# [Python-ideas] Consider adding clip or clamp function to math

Steven D'Aprano steve at pearwood.info
Sun Jul 31 22:47:39 EDT 2016

```On Sun, Jul 31, 2016 at 09:38:44PM +0200, Victor Stinner wrote:
> I dislike this API. What's the point of calling clamp(x)? clamp(b, a) is
> min(a, b) and clamp(a, max_val=b) is just max(a, b).

You have that the wrong way around. If you supply a lower-bounds, you
must take the max(), not the min(). If you supply a upper-bounds, you
take the min(), not the max(). It's easy to get wrong.

> My point is that all parameters must be mandatory.

I don't care too much whether the parameters are mandatory or have
defaults, so long as it is *possible* to pass something for the lower
and upper bounds which mean "unbounded". There are four obvious
alternatives (well three obvious ones and one surprising one):

(1) Explicitly pass -INFINITY or +INFINITY as needed; but which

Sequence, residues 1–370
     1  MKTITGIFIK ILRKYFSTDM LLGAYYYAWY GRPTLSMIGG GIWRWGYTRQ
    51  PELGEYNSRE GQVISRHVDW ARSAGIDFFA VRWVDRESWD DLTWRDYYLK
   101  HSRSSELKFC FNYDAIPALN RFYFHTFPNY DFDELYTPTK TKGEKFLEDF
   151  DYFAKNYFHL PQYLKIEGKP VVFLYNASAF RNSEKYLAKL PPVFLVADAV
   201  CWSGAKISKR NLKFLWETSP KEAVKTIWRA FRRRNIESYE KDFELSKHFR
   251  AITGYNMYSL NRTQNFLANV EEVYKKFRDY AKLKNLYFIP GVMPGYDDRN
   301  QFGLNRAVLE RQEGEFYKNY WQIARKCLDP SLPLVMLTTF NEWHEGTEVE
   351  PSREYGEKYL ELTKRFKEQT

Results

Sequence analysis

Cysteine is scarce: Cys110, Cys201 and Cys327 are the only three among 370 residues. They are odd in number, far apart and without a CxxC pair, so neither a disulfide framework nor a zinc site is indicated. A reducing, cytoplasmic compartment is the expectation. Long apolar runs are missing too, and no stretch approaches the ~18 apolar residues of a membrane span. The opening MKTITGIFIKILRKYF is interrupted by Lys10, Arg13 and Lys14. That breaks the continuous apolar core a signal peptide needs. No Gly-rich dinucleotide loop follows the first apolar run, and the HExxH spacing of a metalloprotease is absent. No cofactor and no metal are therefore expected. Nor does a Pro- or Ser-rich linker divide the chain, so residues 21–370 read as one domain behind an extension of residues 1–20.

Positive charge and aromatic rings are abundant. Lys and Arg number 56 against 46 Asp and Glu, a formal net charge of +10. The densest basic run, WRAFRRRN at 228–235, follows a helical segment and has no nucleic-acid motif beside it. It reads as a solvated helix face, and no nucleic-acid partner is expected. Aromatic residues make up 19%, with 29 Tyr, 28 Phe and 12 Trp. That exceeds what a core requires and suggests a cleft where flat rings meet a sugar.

infinity, float or Decimal? If you pass the wrong one, you may have to
pay the cost of converting your values to float/Decimal, which could end
up expensive if you have a lot of them.

(2) Pass a NAN as the bounds. With my implementation, that actually
works! But it's a surprising accident of implementation, it feels wrong
and looks weird, and again, it may require converting the values to
float/Decimal.

(3) Use some special Infimum and Supremum objects which are smaller
than, and greater than, every other value. But we don't have such
objects, so you'd need to create your own.

(4) Use None as a placeholder for "no limit". That's my preferred
option.

Of course, even if None is accepted as "no limit", the caller can still
explicitly provide an infinity if they prefer.

As I said, I don't particularly care whether the lower and upper bounds
have default values. But I think it is useful and elegant to accept None
(as well as infinity) to mean "no limit".

--
Steve
```